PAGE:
Museums at Night 2011: A Book of the Night, Newlyn Art Gallery, Penzance, May 14 2011
“Cornwall is a highly creative county,” points out Cat Gibbard. “Museums at Night has created a real buzz and I’m getting lots of local artists, writers and printmakers registering with us.
“I guess the worst that could happen is that no-one will be able to agree, but the best is a marvellous team effort that produces something remarkable.”
The team at the Newlyn Art Gallery, a picturesque Penzance building twinned with sister gallery The Exchange a couple of miles away, have come up with one of the more ambitious ideas for this year’s campaign.
Following in the footsteps of basement performances, artist-led barbecues and cheesy discos already held there, the space will be the epicentre for an impromptu creative alliance of artists, printmakers and writers who will make an entirely new book, printed in an all-night run by local binders PZ Conservation.
The escapade ties in cannily with Print, their absorbing new exhibition celebrating the veritable gamut of printmakers spawned in the region, surveying a century of etchers, textile experts and print studios via a working installation at the heart of the show.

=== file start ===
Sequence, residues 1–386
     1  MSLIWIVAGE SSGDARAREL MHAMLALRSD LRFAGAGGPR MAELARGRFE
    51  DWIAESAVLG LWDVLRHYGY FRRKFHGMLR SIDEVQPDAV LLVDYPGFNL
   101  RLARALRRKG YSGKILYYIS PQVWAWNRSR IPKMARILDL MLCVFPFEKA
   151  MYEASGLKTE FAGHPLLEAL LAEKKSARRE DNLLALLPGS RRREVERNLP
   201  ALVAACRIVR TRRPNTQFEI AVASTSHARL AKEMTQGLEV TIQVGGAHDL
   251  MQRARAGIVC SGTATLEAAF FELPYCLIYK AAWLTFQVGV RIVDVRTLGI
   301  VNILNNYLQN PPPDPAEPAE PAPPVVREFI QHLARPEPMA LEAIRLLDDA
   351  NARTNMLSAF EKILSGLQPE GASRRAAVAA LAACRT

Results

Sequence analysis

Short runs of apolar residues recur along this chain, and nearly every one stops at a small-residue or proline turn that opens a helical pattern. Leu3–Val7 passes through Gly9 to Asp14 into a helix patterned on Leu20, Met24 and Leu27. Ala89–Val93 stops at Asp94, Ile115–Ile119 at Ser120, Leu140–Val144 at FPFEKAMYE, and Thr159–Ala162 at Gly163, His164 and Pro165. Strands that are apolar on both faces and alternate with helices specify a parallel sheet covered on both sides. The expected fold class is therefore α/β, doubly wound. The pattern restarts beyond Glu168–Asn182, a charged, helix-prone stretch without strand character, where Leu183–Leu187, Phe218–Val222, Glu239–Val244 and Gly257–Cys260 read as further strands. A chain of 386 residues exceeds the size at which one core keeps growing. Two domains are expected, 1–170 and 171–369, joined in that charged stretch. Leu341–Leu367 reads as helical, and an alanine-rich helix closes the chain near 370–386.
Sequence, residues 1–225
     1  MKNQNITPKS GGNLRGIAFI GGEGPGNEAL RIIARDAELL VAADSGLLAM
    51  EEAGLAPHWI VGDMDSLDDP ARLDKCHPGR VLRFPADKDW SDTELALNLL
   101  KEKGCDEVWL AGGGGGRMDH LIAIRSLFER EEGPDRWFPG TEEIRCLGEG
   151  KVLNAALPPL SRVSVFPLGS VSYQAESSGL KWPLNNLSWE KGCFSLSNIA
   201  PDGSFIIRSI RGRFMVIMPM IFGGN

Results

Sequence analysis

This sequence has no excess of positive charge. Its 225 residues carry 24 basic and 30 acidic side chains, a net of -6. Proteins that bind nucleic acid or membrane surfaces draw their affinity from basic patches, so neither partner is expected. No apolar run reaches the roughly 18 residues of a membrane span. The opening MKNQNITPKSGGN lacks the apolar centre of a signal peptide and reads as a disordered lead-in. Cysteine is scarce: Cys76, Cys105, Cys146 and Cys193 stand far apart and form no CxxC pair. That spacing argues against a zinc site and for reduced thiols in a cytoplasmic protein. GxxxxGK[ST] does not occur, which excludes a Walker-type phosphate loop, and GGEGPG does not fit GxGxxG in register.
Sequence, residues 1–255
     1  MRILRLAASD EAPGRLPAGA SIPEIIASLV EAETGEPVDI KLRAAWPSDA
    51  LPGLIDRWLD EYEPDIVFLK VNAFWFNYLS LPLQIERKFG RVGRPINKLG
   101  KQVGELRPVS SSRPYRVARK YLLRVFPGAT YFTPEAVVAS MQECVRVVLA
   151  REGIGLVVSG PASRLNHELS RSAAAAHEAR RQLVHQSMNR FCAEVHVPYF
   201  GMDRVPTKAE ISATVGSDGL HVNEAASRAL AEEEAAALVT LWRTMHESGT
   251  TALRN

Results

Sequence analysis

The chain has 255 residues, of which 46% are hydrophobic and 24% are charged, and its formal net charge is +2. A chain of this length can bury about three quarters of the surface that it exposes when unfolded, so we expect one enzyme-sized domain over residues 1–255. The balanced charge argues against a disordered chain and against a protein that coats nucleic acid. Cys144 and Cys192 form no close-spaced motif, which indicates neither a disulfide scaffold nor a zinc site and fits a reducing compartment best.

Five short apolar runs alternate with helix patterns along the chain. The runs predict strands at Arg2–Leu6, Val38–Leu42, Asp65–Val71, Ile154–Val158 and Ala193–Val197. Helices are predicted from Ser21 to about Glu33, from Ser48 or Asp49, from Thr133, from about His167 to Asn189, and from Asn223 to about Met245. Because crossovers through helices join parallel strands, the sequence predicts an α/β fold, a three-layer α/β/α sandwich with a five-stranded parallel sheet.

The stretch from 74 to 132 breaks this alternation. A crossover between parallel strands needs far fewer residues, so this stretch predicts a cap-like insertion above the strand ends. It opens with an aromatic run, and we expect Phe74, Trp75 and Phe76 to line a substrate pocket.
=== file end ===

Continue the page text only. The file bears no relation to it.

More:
“Because of the nature of the exhibition, a lot of local creative talents are coming into the gallery. They’re naturally drawn to creating A Book of the Night,” explains Gibbard, who is a dab hand at using exhibitions to galvanise education and events.
“I liked the idea of creating an activity which incorporated the press and that had a deadline, generating energy and purpose.”
The evening will be a tangibly exciting twilight gamble for organisers and participants alike.
“We only have 12 hours in which to create something beautiful, so some experience would be useful, but we’re not looking for formal qualifications. We are a small team who love a challenge.
“It’s great that the project will bring together three different disciplines – the group will have no idea who the other members are until the night. That quality of the unknown gives the potential for creative genius.”